New lighter than air material may be Holy Grail for batteries

German scientists have almost accidently created the world’s lightest material.
A cubic centimetre of aerographite weighs just two ten-thousandths of a gram, six times lighter than air and 75 times lighter than Styrofoam.
“You can hold it,” Dr. Rainer Adelung told the Star. “Although it has almost no gravity.”
Adelung and other scientists at the University of Kiel “never planned to make a record,” said Adelung. “Then we saw we could reach it.”
Aerographite is four times lighter than Ni microlattices, the previous lightest material on earth.
Despite its gossamer quality, the material “is actually quite tough,” Adelung said.
Aerographite is a mesh of opaque black carbon tubes that’s flexible, waterproof, conducts electricity and springs back to its original shape after being squashed.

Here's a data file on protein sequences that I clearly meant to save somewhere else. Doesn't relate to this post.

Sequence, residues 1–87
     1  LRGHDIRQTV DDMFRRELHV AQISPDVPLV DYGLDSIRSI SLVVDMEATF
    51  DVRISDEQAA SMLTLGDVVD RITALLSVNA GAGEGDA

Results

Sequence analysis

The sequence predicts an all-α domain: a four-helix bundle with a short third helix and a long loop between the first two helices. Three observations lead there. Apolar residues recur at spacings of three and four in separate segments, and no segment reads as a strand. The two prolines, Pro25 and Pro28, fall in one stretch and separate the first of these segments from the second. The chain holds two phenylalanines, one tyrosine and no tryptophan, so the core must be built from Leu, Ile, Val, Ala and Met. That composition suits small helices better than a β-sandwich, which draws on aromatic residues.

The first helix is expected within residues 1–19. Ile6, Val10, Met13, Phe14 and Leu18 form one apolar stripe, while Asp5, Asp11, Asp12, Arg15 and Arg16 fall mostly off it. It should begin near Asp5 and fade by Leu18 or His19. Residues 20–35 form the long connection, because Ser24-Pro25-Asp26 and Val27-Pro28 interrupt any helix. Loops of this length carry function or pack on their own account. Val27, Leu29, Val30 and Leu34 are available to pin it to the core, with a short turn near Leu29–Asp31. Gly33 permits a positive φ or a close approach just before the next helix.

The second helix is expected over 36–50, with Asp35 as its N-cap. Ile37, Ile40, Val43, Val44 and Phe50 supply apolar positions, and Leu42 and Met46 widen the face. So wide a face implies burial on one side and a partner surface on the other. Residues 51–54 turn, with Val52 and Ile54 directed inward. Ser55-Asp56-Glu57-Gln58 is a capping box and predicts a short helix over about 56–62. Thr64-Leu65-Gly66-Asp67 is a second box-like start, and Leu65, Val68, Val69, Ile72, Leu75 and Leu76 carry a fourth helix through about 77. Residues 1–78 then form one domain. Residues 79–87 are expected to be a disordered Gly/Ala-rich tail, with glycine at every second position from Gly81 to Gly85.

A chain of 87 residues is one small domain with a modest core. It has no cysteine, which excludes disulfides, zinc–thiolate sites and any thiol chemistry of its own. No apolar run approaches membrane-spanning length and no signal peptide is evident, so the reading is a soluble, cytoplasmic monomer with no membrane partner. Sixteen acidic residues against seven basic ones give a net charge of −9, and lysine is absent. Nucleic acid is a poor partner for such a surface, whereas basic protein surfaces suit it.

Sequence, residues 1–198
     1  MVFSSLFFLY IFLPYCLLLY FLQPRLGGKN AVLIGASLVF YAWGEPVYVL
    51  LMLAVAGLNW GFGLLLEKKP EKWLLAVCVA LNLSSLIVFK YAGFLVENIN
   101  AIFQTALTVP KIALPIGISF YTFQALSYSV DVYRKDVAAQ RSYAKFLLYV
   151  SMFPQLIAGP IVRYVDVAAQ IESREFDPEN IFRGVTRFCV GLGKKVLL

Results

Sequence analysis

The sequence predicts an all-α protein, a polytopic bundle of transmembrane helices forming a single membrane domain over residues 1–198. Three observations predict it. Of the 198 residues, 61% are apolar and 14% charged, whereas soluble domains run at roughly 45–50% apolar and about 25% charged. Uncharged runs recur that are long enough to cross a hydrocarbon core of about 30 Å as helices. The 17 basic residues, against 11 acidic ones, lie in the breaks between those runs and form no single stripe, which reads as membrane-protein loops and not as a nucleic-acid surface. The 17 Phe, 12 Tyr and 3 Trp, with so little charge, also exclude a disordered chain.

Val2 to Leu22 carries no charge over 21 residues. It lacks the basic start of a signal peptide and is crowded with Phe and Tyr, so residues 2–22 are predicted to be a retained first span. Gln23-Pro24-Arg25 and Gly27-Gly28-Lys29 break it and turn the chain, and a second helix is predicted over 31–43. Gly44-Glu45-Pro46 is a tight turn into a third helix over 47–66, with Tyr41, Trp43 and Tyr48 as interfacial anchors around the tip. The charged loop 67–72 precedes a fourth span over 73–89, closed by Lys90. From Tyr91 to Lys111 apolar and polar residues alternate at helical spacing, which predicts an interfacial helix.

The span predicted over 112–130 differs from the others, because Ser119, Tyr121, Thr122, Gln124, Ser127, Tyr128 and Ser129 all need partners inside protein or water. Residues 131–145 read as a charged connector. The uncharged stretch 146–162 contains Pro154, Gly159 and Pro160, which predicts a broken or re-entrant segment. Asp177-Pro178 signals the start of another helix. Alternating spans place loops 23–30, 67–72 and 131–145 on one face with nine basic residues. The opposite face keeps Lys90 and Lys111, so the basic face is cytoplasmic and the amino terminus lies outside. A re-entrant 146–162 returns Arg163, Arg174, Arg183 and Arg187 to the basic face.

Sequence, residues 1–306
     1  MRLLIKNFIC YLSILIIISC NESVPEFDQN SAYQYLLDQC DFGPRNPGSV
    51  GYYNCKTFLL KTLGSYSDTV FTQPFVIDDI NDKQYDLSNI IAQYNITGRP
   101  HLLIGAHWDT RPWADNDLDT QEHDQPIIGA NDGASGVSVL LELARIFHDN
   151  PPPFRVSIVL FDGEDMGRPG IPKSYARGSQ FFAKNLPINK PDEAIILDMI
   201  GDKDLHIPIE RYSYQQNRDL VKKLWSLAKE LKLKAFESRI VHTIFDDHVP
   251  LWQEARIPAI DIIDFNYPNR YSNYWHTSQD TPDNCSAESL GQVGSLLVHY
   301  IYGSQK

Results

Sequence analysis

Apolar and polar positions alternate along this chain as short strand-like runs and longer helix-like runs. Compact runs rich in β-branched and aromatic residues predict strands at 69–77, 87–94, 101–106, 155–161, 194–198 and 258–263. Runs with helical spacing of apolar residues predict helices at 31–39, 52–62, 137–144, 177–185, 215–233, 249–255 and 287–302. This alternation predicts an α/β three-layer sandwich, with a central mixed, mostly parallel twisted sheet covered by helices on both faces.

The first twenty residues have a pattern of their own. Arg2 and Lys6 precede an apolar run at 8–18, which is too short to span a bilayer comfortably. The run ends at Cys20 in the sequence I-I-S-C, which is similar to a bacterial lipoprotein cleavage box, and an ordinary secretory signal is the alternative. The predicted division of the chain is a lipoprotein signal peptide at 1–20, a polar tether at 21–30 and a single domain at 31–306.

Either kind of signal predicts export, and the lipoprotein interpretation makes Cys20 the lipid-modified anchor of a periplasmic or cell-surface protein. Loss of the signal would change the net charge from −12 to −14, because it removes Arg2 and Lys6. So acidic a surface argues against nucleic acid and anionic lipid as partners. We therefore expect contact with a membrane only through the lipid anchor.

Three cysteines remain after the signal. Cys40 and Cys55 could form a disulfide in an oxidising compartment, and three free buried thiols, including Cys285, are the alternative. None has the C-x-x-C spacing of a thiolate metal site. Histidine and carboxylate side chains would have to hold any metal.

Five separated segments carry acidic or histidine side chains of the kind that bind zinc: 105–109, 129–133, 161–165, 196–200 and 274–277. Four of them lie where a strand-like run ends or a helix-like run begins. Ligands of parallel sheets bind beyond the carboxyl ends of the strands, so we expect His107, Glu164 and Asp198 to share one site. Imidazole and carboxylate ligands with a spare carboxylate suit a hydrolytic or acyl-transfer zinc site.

So what is it good for? Batteries, said Adelung. His Institute for Material Science and the Hamburg University of Technology Institute of Polymers and Composites are testing the material as part of super lightweight lithium ion batteries.
“Our first experiments with lithium ion batteries show we have been able to send quite high currents through the material,” said Adelung.
“This is holy grail that everyone is looking for: a microbattery. This looks very promising.”
Cutting the weight of car batteries, for example, would improve their energy efficiency.
Other potential uses: wearable computing, filtration and insulation.
The German scientists also believe they are close to making something even lighter than aerographite, said Adelung. The new materials under construction in the Hamburg institute “are so lightweight you can’t really weigh them.”